Anyone who saw the first of a new three-part BBC TWO series called "Clash of the Worlds" will have been given the impression that, prior to the arrival of Rev John Midgley Jennings in India in 1852, Indians had welcomed the British with "flowers and open arms" on account of pluralistic interpretations of their faiths.
Midgely Jennings spoilt it for all by attempting to proselytise Christianity in India, which sparked a violent "Wahhabi" Muslim reaction in the person of Sayyid Ahmad.
According to the author and co-presenter of the programme, Charles Allen, "Sayyid Ahmad's Wahhabism" created Islamic terrorism not only in the 19th century against the British, in the form of the 1857 Mutiny, but it also has a direct connection with acts of violence in the 21st century - including 9/11, 7/7 and plots to blow up aeroplanes at Heathrow in 2006 - through the "Wahhabi" Deobandi tradition. It's a fascinating story, but is it true?
Myth number one: Anglo-Indian relations were peaceful before Sayyid Ahmad
What the programme confidently omitted to mention was that, long before the arrival of Rev Midgley Jennings in 1852, the British East India Company had been fighting numerous devastating wars in India against Hindu and Muslim rulers including the Battle of Buxar, the Anglo-Maratha Wars (1777-1818), the Battle of Assaye, and the famous four Anglo-Mysore Wars that lasted over three decades.
These were hardly pluralistic or harmonious gestures of coexistence. Rather, they were the results of plain and simple brutal tension between the powers of domination and the dominated. For example, during the siege of Mysore in 1792 the British General, Lord Cornwallis, had forced the Sultan into a temporary treaty to hand over three million pounds and his young sons as hostages. Yet the BBC's so-called "experts" told us, in order to justify their "global-Wahhabi-threat" theory, that in India the "idea of worlds clashing would not have made sense to anyone".
Myth number two: Followers of Muhammad ibn Abd Al-Wahhab are all "anti-Western"
"Wahhabism" has become the convenient concept by which we can clump together all those aspects of Islam we wish to jettison from history. It is now the ultimate Room 101 for disposing of all that we find uncomfortable with Islam and wish to delete from Muslim consciousness. The problem is that history seldom allows the comprehensive destruction of records. If Muhamamd ibn Abd al-Wahhab's (1703-1792) version of Islam was so puritanically toxic that it could inspire an anti-British mutiny across the seas in India, why did it not have the same effect on people much closer to him?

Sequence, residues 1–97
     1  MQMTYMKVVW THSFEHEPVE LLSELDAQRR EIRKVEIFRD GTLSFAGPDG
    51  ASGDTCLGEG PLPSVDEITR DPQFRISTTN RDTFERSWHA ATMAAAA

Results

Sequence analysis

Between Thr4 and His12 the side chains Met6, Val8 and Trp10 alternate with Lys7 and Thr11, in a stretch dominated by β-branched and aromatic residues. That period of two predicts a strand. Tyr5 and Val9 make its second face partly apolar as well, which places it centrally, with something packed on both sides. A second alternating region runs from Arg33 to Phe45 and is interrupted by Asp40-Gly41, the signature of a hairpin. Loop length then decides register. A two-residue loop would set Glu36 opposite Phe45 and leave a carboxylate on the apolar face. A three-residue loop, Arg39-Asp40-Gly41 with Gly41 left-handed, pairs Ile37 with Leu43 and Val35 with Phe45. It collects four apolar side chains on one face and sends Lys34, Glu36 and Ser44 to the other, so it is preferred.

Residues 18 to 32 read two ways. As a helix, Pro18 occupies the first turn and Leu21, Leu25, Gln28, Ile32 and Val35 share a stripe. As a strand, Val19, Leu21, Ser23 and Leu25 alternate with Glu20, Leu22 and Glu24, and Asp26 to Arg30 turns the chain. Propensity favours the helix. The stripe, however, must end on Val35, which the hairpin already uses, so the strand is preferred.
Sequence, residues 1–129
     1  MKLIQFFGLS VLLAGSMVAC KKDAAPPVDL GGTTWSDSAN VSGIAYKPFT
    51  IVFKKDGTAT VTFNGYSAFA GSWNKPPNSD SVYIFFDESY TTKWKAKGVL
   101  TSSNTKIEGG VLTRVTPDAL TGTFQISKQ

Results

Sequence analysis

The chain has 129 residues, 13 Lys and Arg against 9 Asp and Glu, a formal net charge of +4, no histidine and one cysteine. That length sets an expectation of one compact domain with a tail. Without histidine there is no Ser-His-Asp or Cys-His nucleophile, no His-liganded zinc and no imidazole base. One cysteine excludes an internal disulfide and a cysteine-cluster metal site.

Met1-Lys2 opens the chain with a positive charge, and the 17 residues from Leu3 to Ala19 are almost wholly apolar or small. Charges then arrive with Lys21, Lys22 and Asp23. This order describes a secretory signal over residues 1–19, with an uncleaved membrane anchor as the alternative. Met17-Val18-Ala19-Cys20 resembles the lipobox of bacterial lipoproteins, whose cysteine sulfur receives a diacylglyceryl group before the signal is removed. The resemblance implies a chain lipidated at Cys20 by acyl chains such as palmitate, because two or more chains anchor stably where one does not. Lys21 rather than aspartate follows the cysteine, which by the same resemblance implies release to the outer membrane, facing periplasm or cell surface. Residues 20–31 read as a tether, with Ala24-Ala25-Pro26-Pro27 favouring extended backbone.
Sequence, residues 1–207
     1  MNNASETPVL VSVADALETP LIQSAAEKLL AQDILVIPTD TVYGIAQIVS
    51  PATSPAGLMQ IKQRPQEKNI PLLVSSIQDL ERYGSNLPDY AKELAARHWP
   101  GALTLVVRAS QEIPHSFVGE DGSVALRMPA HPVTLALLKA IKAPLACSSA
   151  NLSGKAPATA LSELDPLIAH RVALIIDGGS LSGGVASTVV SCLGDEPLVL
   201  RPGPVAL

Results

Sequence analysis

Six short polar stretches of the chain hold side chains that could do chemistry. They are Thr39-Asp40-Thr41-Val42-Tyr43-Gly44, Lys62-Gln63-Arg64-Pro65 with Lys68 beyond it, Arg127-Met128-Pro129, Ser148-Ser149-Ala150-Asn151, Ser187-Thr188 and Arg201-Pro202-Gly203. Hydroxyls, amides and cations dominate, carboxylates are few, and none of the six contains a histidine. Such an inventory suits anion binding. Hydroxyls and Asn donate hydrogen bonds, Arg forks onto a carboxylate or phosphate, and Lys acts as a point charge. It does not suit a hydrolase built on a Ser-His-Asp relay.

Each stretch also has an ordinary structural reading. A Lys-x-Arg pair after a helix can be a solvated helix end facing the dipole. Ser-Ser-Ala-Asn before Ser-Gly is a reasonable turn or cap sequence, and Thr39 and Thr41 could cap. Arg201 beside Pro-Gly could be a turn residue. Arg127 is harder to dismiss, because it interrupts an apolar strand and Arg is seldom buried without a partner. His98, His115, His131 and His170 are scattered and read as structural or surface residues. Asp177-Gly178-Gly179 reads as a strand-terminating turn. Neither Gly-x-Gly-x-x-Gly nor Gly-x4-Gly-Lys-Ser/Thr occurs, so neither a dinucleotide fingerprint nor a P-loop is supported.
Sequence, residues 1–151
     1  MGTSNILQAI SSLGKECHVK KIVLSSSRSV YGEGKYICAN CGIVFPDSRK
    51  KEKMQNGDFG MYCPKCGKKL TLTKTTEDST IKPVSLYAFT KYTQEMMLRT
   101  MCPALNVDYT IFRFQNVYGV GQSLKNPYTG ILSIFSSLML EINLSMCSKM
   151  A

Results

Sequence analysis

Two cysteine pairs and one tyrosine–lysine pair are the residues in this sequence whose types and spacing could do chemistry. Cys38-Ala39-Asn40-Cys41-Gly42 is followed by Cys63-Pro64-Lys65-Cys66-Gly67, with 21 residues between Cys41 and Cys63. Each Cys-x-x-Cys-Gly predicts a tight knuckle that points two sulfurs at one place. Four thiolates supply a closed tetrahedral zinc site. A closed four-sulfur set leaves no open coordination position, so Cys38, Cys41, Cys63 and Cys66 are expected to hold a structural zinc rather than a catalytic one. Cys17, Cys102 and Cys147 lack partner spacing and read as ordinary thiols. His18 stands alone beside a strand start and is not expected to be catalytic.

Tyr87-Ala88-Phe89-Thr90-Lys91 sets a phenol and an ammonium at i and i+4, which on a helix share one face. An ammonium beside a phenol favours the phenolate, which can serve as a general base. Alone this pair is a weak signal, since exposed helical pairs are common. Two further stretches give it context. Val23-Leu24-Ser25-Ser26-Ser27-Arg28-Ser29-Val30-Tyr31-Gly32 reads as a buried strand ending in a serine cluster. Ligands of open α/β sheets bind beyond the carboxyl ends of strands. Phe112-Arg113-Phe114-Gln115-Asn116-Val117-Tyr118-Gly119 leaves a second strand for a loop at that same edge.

For example, his strongest supporters and most ardent followers were the House of Saud. In December 1915, the British government had made the lands of the House of Saud a British protectorate and since then, by and large, the Saudi regime has maintained a cordial relationship with the British, the latest example being King Abdullah's state visit to Britain last week. There is certainly more to this picture than we have been led to remember. It was with a British stipend of £5000 a month and a steady supply of weapons that the founder of the Kingdom, Abd Al-Aziz ibn Saud, was able to defeat his opponents and galvanise his rule over Arabia.
Myth number three: Sayyid Ahmad was inspired by "Wahhabism"
Anger over the dismantling of historic Muslim monuments and relics in Saudi Arabia by some followers of Muhammad Ibn Abd al-Wahhab had given rise to the coining of the term "Wahhabi" in India to describe anything undesirable. Being so, it aptly served those British academics of an imperialist mindset who wanted to undermine Sayyid Ahmad's freedom fighter credentials to label him a "Wahhabi". The famous historian W.W. Hunter wrote in his Our Indian Musalmans (1871) that Sayyid Ahmad was a follower of Muhammad ibn abd al-Wahhab and that he was expelled from the Holy city of Makkah during the Hajj.
These allegations have since been proven to be baseless by a number of researchers. Sayyid Ahmad had no contact whatsoever with ibn Abd Al-Wahhab. In fact, at the time of his pilgrimage to Makkah in 1822, there were no "Wahhabi" preachers in those areas for in 1818 the Ottomans had marched on their stronghold in Dariya and killed many members of the Abd al-Wahhab family. The chief of the area, Abdullah the son of Muhammad Ibn Abd Al-Wahhab, was deported to Constantinople and executed. In 1822, the Hijaz area of the Arabian peninsular was devoid of any "Wahhabi" influence.